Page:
President Biden Calls Afghanistan Evacuation ‘Extraordinary Success’ 

President Joe Biden
Credit: @joebiden/Twitter & Unsplash

President Biden is facing heavy criticism after describing the US evacuation from Afghanistan as an ‘extraordinary success’. 

The United States pulled out of the South Asian country on August 30 and Biden has now spoken publically about it for the first time.

He said: “We completed one of the biggest airlifts in history.

Watch the moment Joe Biden Blames Trump for the situation in Afghanistan in the clip below…

“No nation has ever done anything like it in all of history; only the United States had the capacity and the will and ability to do it.”

Despite this, the deadline for evacuation has now passed and around 200 US citizens remain in Kabul.

Mr Biden explained every effort is being made to secure their evacuation should they wish to leave.

He added: “I was not going to extend this forever war, and I was not extending a forever exit.”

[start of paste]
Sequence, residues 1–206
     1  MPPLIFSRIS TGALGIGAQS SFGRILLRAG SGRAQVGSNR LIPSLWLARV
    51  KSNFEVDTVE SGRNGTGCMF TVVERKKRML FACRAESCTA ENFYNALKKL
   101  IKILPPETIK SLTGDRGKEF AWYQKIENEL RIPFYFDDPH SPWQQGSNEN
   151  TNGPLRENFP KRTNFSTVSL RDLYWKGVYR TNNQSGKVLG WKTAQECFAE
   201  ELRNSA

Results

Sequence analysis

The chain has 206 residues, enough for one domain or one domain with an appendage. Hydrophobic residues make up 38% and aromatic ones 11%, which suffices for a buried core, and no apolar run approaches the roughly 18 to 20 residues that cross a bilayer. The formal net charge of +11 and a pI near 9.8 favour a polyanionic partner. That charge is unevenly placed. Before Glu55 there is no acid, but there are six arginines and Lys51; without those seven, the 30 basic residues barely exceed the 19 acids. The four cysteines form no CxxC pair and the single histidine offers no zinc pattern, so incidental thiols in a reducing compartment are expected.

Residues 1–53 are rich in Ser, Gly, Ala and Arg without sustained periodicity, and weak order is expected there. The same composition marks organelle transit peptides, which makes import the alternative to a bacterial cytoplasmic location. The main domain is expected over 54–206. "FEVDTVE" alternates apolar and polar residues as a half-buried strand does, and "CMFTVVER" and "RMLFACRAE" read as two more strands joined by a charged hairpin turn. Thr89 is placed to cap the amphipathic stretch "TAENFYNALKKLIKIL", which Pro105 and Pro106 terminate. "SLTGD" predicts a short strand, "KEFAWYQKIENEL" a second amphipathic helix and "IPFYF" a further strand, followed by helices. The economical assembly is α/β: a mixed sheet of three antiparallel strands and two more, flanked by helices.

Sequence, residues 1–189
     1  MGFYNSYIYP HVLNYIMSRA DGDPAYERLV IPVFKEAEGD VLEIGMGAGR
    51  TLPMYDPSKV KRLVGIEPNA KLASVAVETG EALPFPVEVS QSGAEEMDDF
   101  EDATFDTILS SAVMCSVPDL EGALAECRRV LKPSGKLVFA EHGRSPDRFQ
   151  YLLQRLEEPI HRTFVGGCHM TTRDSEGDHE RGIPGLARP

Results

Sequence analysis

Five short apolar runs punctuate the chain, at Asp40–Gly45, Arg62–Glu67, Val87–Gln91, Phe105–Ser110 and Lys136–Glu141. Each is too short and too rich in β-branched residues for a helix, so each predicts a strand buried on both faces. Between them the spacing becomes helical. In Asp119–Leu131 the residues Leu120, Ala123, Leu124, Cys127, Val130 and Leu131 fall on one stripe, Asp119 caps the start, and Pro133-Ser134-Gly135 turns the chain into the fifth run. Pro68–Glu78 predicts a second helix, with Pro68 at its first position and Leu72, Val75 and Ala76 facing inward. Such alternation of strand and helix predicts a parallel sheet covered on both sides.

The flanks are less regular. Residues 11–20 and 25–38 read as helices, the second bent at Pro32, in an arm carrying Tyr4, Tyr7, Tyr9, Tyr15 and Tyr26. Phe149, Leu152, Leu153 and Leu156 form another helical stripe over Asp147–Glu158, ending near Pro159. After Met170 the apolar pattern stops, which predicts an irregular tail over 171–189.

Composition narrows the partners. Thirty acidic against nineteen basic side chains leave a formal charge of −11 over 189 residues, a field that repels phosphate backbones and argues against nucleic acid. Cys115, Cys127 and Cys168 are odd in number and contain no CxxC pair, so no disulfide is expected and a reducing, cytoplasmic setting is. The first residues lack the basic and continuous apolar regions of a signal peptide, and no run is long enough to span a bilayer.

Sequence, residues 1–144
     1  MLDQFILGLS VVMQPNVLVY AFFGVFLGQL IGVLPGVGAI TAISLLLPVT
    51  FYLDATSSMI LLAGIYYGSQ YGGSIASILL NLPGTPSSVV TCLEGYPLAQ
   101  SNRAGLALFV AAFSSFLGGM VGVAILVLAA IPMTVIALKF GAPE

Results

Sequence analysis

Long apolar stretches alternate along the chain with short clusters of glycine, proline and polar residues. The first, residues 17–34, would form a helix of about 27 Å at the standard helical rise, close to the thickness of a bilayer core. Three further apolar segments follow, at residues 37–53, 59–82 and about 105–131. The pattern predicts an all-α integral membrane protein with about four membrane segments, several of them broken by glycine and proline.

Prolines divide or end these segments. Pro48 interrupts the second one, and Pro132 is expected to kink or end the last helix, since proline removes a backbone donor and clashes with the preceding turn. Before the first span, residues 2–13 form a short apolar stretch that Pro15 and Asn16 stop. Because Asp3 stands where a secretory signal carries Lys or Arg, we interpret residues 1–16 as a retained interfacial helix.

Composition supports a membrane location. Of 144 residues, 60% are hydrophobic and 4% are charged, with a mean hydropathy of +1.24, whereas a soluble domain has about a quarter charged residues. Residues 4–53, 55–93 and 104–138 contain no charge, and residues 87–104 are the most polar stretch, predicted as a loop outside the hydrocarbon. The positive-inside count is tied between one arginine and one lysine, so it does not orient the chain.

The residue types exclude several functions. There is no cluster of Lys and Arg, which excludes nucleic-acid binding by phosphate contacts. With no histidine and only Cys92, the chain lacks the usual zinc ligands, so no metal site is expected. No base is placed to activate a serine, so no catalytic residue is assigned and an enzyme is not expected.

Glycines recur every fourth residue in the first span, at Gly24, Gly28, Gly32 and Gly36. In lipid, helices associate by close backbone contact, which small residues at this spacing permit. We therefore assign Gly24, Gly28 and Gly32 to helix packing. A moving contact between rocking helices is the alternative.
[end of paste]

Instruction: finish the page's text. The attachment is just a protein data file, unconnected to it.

Biden also criticised his predecessor Donald Trump’s actions, saying that ‘he brokered a deal that authorised the release of 5,000 prisoners – many of whom were top Taliban officials.’

He said: “By the time I came to office, the Taliban was in its strongest military position since 2001, controlling or contesting nearly half of the country.” 

The President then issued a warning to SIS-K militants, who claimed ownership of the deadly attack on Kabul airport last week, saying: “We are not done with you.”

Donald Trump Says President Biden Should ‘Resign In Disgrace’ Over Afghanistan Crisis

A Reuters/Ipsos opinion poll released on Monday, August 30, found that less than 30 percent of Americans approve of Biden’s handling of the Afghanistan withdrawal. Some have asked why the withdrawal couldn’t have been extended by one more day or began earlier. 

According to The New York Times, Biden conceded no mistakes in how he ended the War. 

He said: “Imagine, if we had begun evacuations in June or July, bringing in thousands of American troops and evacuating more than 120,000 people in the middle of a civil war, there still would have been a rush to the airport, a breakdown in confidence in control of the government, and it still would have been a very difficult and dangerous mission.” 

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Written by Aimee Walker

Aimee is a senior content editor at IGV who specialises in finding the best original stories, trending topics and entertainment news. She graduated from Birmingham City University with a degree in Media and Communications.